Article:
Sturgeon’s high stakes tax hit on higher earners
Holyrood will be asked to vote today on the Scottish budget that will widen the tax gap between Scots and those living south of the border.
Higher earning Scots will on average be 2.1% poorer than those in England and Wales, equivalent to £2,590, according to the Institute of Fiscal Studies.
The poorest 10% will on average be £580 better off a year from April from benefit rises, lifting incomes by 4.6%.
The SNP Scottish Government, supported by the Green party, argues that its more progressive policy is fairer.
However, business leaders warn that continually eroding the take-home pay of higher earners will make it more difficult to retain and attract top talent to Scotland.
This view gained some support from Tom Wernham, a research economist at IFS and an author of the report.
He said: “With this group in particular, there is a risk that higher taxes will incentivise tax avoidance efforts, such as converting income into dividends – to which Scottish tax rates don’t apply – or even migrating across the border.
“There is a limit to how much further this strategy can be pushed. If the Scottish Government does want to raise more revenue from richer households, it may need to turn to other taxes under its control, such as council tax.”
Scotland has more tax bands and different rates to the rest of the UK. The higher tax rate is set to rise from 41p in the pound to 42p, whereas south of the border it is 40p. Meanwhile, while the highest earners will pay 47p (rest of UK: 45p).
Anyone earning more than £28,000 will pay more income tax than if they lived in England or Wales.
Those earning £50,000 will face paying £1,550 extra while those earning £150,000 will be paying £3,900 more.
From April the higher threshold is remaining frozen at £43,663 (rest of UK :£50,271) while the threshold for the highest rate is being reduced to £125,140.
The IFS noted that benefit changes, such as the increase in the Scottish child payment were helping to lift the incomes of Scotland’s poorest households when compared with south of the border.
Chief executive of the Scottish Chambers of Commerce, Liz Cameron, said the tax rises put Scotland’s businesses and workers at a a clear disadvantage.
She said: “Considering the widespread labour shortages being faced by Scottish businesses already at this time, we must do more to incentivise, not disincentivise, the skilled workforce that we need.”
Tracy Black, Scotland director at the CBI, said that many firms are concerned about the growing income tax gap between Scotland and the rest of the UK.
She said: “We must be vigilant about policies that send the wrong signal about Scotland’s openness for business.”
Defending his tax plans, Deputy First Minister John Swinney said: “People base their decisions on where to live and work on a range of factors, including the quality and provision of public services, not just the tax they pay.
“We are taking a different, progressive path for Scotland and asking those who are able to contribute a little more to do so.
“People are able to access a wide range of services and benefits that go significantly beyond provision in other parts of the UK.”
Councils in Scotland will be exempt from land and buildings transaction tax (LBTT) when they buy properties for affordable housing under Scottish government plans.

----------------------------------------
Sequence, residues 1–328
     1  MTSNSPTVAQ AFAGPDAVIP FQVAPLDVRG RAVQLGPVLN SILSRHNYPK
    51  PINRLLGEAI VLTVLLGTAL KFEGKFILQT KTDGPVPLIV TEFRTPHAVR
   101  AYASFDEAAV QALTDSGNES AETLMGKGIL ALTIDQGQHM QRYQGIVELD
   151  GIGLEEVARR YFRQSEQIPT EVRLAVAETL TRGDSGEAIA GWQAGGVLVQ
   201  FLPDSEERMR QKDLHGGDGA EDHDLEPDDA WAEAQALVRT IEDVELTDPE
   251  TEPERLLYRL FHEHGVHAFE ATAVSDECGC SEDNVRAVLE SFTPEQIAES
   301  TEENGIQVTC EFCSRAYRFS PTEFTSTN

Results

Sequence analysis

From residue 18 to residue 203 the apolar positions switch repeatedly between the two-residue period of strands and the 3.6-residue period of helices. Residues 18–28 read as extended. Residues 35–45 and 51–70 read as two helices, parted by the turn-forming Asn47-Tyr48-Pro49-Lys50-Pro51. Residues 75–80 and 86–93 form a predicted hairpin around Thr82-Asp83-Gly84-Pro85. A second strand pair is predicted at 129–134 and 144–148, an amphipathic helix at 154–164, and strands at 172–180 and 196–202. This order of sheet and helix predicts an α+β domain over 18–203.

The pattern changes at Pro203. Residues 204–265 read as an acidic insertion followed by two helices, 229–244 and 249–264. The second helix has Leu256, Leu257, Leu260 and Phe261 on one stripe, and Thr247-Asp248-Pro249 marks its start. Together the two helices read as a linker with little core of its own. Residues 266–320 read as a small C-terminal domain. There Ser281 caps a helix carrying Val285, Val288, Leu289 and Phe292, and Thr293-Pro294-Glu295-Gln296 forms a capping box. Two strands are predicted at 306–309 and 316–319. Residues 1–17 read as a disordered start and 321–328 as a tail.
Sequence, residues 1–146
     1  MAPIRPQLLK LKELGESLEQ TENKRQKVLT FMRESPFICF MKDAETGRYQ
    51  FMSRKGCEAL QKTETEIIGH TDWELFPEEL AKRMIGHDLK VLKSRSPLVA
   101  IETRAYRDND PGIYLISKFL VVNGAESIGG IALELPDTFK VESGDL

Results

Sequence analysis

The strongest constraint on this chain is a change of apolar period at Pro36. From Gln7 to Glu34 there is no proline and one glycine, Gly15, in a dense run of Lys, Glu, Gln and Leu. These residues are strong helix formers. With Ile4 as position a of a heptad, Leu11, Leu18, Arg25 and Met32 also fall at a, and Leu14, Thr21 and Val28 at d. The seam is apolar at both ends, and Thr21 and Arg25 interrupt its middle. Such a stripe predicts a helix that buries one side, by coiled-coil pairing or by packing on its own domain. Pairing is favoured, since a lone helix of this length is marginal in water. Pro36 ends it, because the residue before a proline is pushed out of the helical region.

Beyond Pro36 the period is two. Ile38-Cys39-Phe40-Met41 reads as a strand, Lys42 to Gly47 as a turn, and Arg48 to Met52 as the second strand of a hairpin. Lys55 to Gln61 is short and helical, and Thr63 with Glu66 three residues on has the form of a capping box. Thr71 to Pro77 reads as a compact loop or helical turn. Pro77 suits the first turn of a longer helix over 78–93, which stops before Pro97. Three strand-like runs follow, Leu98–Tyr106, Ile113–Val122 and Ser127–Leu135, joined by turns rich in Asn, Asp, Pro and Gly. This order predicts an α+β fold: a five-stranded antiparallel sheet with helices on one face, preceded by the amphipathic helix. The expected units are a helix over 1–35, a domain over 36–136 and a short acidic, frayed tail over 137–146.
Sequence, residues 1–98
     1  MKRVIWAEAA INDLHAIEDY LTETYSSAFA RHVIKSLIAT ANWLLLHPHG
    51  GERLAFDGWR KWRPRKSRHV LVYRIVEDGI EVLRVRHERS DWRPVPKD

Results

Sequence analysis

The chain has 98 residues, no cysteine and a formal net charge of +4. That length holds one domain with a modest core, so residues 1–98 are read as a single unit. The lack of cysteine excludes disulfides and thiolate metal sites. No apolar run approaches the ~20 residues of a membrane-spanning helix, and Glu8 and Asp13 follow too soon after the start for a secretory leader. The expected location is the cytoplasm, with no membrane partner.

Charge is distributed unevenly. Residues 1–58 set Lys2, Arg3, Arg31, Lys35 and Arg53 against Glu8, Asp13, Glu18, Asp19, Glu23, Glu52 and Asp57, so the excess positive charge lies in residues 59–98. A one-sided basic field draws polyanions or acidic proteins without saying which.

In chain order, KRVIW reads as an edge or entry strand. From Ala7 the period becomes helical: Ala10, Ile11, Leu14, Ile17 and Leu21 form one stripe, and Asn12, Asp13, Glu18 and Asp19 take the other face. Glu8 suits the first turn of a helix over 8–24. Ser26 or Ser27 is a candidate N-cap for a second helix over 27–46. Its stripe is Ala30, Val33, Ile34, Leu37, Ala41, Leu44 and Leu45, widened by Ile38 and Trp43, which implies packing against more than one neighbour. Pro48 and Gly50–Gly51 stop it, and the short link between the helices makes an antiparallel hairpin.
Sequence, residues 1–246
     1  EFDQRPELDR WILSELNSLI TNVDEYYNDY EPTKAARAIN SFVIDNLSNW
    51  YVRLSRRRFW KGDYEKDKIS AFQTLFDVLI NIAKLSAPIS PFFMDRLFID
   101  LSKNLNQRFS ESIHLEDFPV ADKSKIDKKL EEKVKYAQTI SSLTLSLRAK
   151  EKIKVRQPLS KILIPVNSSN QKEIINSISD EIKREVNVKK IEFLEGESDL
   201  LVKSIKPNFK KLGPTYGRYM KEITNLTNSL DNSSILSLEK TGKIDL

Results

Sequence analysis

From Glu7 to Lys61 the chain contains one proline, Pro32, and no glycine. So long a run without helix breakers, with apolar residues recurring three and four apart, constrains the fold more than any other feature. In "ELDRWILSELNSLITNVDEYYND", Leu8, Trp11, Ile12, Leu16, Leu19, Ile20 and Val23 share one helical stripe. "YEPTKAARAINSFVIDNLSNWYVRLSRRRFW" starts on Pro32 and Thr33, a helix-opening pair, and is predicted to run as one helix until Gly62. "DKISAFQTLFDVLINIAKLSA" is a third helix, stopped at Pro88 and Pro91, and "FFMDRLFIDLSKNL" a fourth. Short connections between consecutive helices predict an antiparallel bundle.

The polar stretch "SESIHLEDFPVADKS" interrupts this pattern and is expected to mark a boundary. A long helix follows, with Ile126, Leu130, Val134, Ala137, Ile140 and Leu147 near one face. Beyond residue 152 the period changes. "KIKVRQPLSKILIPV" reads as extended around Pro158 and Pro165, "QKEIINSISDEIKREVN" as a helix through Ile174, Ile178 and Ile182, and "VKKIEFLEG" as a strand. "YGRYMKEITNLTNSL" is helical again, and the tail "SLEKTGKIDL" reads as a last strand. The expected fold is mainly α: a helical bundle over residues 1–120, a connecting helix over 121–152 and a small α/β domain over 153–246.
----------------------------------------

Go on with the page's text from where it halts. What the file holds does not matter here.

A consultation launched yesterday includes proposals to offer the break to councils on LBTT and additional dwelling supplement for owners of more than one home.
Low understanding of income tax system
A survey has revealed a low level of understanding of who is responsible for income taxes in Scotland.
- Only one in five (20%) respondents correctly identified that income tax is a shared responsibility of the Scottish and UK parliaments. This is the lowest figure recorded since the survey was first conducted in 2018 (34%) and is a fall of seven points on the 27% recorded when the poll was last undertaken in 2021
- More than half (52%) incorrectly thought that the Scottish Parliament alone is responsible for setting income tax. This is the highest figure recorded since the survey began (2018: 41%) and an increase of nine points on 2021 (43%)
Sean Cockburn, chair of the Chartered Institute of Taxation’s Scottish Technical Committee, said: “The growing confusion among Scots over where income tax is set is concerning.
“Scots may be looking at the increasingly lively debate about levels of income tax and concluding that this means that power rests solely at Holyrood.
“The reality however is more complicated than that, as many important aspects of the income tax regime continue to be set on a UK wide basis, such as the amount of money someone can earn tax free and the amount of income tax that someone pays on their savings or dividend profits.
A lack of understanding of how the tax system works is not a uniquely Scottish issue, but increasing divergence between the Scottish and UK income tax regimes means it will be important to ensure taxpayers can more easily understand where responsibility and accountability lies”.
Who is responsible for income tax?
While the Scottish Parliament has the power to set rates and bands of income tax on non-savings, non-dividend income (i.e. income from a job, self-employment profits, pensions and rental income), a range of other income tax powers apply in Scotland that are set UK-wide.
They include things like setting the tax-free personal allowance, setting tax reliefs, collecting income tax and setting rates and bands of income tax paid on savings and dividends. National Insurance is also set on a UK-wide basis, and its rates and thresholds are tied to UK, not Scottish, tax rates.